Don’t be confused about the pH of lemon juice and its effects on your body. Lemons and other citrus fruits have acidic juice. This means their pH is less than 7. Lemon juice pH is around 2.0, ranging between 2 and 3. This makes lemons less acidic (or more basic) than battery acid (sulfuric acid, pH=1.0) and slightly more acidic than apples (pH=3.0). Other foods with acidity comparable to lemon juice include vinegar and carbonated soft drinks.
Acids in Lemon Juice
Lemon juice contains two acids, but only one of them is a key player in the fruit’s acidity. Lemon juice is about 5-8% citric acid. Citric acid is a weak acid and accounts for the tart flavor of lemons. Lemons also contain ascorbic acid or vitamin C. A 100-gram serving of lemon juice contains 38.7 milligrams of vitamin C. This is 43% of the daily recommended allowance of the nutrient, but it’s not a significant factor in lemon juice pH.
Lemon Juice pH and Your Body
Eating lemons and drinking their juice may increase the risk of tooth decay. The acid in lemon juice attacks tooth enamel, plus lemons contain a surprisingly high amount of natural sugars. While including lemons as part of a healthy diet is fine, dentists typically warn patients against sucking on lemons.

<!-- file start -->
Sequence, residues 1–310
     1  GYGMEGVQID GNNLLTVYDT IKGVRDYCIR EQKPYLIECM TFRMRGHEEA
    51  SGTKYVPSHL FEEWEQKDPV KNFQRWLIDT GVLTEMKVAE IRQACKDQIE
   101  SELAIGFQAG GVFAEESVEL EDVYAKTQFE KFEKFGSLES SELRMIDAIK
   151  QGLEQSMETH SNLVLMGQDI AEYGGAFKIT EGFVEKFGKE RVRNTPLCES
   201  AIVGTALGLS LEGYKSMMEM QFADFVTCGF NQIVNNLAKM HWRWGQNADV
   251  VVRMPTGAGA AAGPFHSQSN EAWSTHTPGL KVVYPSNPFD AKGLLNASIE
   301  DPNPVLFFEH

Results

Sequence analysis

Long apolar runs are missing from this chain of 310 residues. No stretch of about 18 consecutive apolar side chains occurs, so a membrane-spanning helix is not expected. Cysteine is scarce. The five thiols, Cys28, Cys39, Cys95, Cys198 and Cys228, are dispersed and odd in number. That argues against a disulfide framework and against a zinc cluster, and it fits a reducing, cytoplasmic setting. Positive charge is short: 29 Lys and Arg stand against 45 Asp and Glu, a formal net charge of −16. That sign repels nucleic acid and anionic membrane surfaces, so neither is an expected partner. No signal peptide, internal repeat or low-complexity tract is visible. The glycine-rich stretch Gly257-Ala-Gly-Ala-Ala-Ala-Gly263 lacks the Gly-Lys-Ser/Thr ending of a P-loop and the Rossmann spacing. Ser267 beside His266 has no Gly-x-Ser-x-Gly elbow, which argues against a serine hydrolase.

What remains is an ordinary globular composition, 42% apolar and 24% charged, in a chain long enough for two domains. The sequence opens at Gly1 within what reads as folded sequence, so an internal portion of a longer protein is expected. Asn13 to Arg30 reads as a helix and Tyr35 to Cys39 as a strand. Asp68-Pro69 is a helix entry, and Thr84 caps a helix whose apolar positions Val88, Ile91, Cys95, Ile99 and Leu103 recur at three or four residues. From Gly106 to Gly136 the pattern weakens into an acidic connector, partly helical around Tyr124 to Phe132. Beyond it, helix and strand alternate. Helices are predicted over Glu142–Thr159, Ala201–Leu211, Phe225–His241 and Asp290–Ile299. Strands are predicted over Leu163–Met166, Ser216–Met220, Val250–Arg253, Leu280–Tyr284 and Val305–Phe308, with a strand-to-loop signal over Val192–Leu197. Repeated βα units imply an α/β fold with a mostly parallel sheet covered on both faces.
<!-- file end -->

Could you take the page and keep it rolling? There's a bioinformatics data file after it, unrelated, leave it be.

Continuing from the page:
Vitamin C-rich foods, such as lemon juice, aid in the absorption of some minerals. Specifically, citrus fruits help the body absorb iron.
While lemons are acidic, they have an alkalinizing effect once digested and metabolized. In other words, the by-products of lemon juice digestion tend to increase pH. Drinking lemon juice doesn’t significantly affect the pH of blood. Researchers estimate you’d need to eat the equivalent of 8 kilograms (18 pounds) of citrus fruit to increase blood pH by just 0.2! Part of the reason the body’s pH resists change is because the kidneys filter out excess acids and bases and excrete them as urine. Lemon juice increases urine pH and may help prevent the formation of some types of kidney stones.
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